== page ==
Starting as a market town in the 10th century, Kraków became Poland's capital in 1037. Until as recently as the 19th century walls encircled the Old Town; these have been replaced by the Planty, a ring of parkland, in the 1820s. Throughout the 19th and early 20th centuries, the city expanded, and many interesting examples of architecture from that period can be found within the second ring, marked by Aleje and Dietla streets. In the late 20th century another phase of the city's development began farther out, and it continues today.
Most major historical attractions are within walking distance in the compact Old Town, but you'll also find very interesting sights further outside the city center, including Kościuszko's Mound to the west and Nowa Huta to the east of the city center.
To the immediate southeast of the Old Town is the old Jewish quarter of Kazimierz. This was once a separate town, chartered in 1335 by its founder, King Kazimierz the Great. In 1495 Kraków's Jews were expelled from the city by King John Albert, and they resettled in Kazimierz. The Jewish community there came to an abrupt and tragic end during World War II. In 1941, the Jews of Kazimierz were moved first to a Jewish ghetto across the Vistula River in Podgórze, then to the Płaszów concentration camp. Most who survived Płaszów were transported to their deaths in the much larger concentration camp at Auschwitz–Birkenau. The story of the few Jews who escaped Płaszów through the help of businessman Oskar Schindler formed the basis of Thomas Keneally's book (and Steven Spielberg's film) Schindler's List.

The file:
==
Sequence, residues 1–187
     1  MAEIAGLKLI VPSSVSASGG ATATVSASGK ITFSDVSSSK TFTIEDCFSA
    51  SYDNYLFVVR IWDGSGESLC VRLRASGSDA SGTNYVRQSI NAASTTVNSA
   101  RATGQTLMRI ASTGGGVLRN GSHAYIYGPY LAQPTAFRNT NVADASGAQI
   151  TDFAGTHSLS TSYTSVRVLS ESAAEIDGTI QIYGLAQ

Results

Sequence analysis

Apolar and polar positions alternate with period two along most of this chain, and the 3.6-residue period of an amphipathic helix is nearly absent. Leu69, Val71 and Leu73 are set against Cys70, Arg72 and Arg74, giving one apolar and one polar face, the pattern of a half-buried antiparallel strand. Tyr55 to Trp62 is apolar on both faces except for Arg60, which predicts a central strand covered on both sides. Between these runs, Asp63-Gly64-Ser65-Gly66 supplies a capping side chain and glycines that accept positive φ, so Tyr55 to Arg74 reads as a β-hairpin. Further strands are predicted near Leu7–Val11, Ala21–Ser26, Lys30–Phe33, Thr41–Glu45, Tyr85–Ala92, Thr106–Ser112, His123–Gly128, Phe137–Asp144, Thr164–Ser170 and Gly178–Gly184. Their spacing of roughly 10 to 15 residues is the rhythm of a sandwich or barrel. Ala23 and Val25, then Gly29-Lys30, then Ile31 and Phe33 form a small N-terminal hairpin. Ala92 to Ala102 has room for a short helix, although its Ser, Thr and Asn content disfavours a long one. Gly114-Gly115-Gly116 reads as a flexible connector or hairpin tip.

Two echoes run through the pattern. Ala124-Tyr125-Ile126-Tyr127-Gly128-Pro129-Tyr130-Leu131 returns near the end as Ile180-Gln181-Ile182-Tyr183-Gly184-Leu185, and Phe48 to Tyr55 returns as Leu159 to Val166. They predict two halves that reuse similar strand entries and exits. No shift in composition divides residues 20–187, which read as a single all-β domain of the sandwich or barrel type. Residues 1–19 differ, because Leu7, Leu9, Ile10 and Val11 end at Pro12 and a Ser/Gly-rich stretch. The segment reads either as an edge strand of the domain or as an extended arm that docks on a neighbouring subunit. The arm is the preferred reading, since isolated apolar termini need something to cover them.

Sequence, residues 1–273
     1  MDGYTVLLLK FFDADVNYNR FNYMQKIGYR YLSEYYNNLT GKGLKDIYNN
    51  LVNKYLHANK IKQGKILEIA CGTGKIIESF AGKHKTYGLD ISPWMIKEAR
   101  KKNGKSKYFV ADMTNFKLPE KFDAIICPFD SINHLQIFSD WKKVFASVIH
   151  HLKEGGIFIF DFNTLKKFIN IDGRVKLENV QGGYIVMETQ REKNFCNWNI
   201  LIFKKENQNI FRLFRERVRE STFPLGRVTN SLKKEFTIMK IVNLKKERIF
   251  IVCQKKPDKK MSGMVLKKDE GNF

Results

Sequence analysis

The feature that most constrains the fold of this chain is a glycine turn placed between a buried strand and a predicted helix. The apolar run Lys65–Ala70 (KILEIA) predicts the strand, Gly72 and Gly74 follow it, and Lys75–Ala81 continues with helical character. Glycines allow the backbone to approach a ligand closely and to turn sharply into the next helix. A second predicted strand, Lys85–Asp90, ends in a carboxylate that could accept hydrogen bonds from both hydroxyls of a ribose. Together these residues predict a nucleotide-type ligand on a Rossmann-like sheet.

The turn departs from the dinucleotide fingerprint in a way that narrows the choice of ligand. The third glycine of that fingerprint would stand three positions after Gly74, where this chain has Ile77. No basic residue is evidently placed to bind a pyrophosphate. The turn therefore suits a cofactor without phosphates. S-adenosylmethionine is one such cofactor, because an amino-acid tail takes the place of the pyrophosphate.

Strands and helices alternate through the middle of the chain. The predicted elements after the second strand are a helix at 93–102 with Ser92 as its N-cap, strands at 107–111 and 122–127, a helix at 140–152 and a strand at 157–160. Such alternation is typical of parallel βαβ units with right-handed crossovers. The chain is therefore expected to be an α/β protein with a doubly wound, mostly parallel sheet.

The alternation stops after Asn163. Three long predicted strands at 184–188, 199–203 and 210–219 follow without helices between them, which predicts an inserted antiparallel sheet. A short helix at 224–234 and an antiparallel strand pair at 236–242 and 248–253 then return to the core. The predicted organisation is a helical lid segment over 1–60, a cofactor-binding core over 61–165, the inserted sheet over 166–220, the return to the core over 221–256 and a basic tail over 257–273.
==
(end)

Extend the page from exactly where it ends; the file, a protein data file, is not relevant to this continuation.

Development during the 2010s has breathed a new life into the district of Podgórze, which gained as many as three new museums. The Historical Museum and MOCAK Museum of Contemporary art are both in the area of the former Schindler Factory; a third, Cricoteka, documents the work of Tadeusz Kantor. Podgórze abounds with hip restaurants and bars, and is the destination to go to if you want to get away from the crowds.